Not Quite Secular: Montesquieu on the Political Utility of Faith
Is religion a useful or dangerous feature of political life? This paper analyzes an argument made by Montesquieu, a liberal philosopher whose writings were highly influential in the American founding. Montesquieu contends, in Book 24 and 25 of The Spirit of the Laws, that the moral and political effects of a religion depends on its doctrines. Such a claim links faith closely to mores. In other words, doctrine as doctrine cannot simply be expelled from the political realm – each article of faith must be weighed in the balance of political utility. Montesquieu therefore seems to reject Pierre Bayle’s famous defense of a society of moral atheists. At the same time Montesquieu quietly argues that these doctrines are often matters of indifference, and suggests that some key Christian doctrines – in particular – are less than salutary. This paper brings out this tension in Montesquieu’s thought, a tension that reveals why Montesquieu fails to go along with Pierre Bayle’s more radical enlightenment secularism.
On the Original Goodness of Work in St. Augustine
The moral status of work is a central concern of political theory. From Aristotle to Marx, philosophers have expressed unique interest in the goodness and potential limitations of work, on both the levels of theory and practice. In addition, much discontent with the liberal-democratic way of life can be traced to a loss of faith in work. So there is an urgent need to think hard about the nature of work.
This paper discusses the origins and contemporary experience of work as depicted by a famous Christian thinker, St. Augustine. He depicts work as good in its original condition – both in its focal meaning (God’s work) and for human beings. Yet as with every human institution, work is subject to the fall. To wit, work is not a curse, but has indeed been cursed. This dissertation chapter articulates Augustine’s defense of the original goodness of work and its subsequent corruption in his theory of the Fall.
By Nature Social, by Corruption Quarrelsome: Sociality in St. Augustine’s Account of the Fall
In the history of political thought, much ink has been spilled for and against the contention that people are social beings. Are they naturally sympathetic and friendly, or are they by nature contentious, irascible beings, prone to erode the possibility of a common good? And that is only one aspect of a very deep question. Augustine believes that mankind is by nature social, yet quarrelsome by corruption. My challenge is to figure out what Augustine means by original sociability and what he thinks about its subsequent corruption. This essay examines St. Augustine’s answer to this question by emphasizing his philosophical defense of the Fall.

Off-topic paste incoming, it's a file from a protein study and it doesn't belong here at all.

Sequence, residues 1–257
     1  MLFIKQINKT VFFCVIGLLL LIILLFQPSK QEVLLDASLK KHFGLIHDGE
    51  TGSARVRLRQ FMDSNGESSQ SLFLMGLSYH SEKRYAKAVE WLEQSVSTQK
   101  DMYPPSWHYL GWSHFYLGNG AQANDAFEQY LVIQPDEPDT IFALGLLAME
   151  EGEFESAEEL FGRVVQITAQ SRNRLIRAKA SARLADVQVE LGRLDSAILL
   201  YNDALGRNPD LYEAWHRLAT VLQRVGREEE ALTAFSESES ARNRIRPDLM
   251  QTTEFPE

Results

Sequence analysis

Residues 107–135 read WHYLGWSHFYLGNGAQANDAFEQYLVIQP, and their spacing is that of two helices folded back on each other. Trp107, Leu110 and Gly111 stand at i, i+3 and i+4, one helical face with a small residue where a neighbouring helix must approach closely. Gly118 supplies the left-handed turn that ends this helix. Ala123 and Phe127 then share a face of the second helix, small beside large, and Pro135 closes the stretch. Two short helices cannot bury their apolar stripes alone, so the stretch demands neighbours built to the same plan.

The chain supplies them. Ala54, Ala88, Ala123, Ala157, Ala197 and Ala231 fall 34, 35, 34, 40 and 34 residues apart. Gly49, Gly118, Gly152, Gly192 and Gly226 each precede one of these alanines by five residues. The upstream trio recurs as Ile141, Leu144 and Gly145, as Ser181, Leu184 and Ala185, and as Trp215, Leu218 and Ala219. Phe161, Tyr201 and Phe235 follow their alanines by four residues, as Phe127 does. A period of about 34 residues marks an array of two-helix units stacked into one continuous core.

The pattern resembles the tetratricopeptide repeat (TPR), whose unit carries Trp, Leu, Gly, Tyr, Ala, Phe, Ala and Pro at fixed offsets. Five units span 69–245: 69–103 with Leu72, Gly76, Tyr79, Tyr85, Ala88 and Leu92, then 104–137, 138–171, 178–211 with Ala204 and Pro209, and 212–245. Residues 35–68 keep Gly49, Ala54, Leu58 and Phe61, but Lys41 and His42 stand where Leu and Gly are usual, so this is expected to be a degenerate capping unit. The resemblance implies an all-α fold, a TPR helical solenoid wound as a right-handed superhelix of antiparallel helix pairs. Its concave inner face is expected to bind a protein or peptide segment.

By attending closely to his theory of the fall in Dei Civitate Dei, we learn that people have become slaves to disordered desire, their longings corrupted by a cataclysmic event. In particular, Augustine thinks that material desires are politically problematic for fallen mankind, in its disordered and desperate race for wealth, power, and sexual pleasure. So this chapter builds on the subsequent one. Yet Augustine also believes in mankind’s natural and original sociability; the restoring of this sociability constitutes a real good that the City of God can render to the City of man.
Tocqueville Reconsidered: On Secular Morality and Religion’s Place in Liberal Democracy
with Douglas Walker
Alexis de Tocqueville attempts to harmonize religion and politics in liberal democracies by providing both believers and unbelievers reasons to support politically powerless but socially dominant religion. He argues that disestablishment strengthens religion in democratic society, and that disestablished religion in turn benefits society by sustaining moral beliefs and mores. This paper analyzes Tocqueville’s reconciliation of religion and liberal democracy in Democracy in America and in his correspondence with Arthur de Gobineau. It reveals two assumptions underlying his case: that morality will be recognized as dependent on religion, and that democratic moral views will be homogeneous. These assumptions, we find, are questionable. Secular moral theories have thrived, leading to the proliferation of competing moral worldviews. Consequently, the harmony between believers and unbelievers assumed by Tocqueville has broken down, intensifying moral and political conflict along religious lines.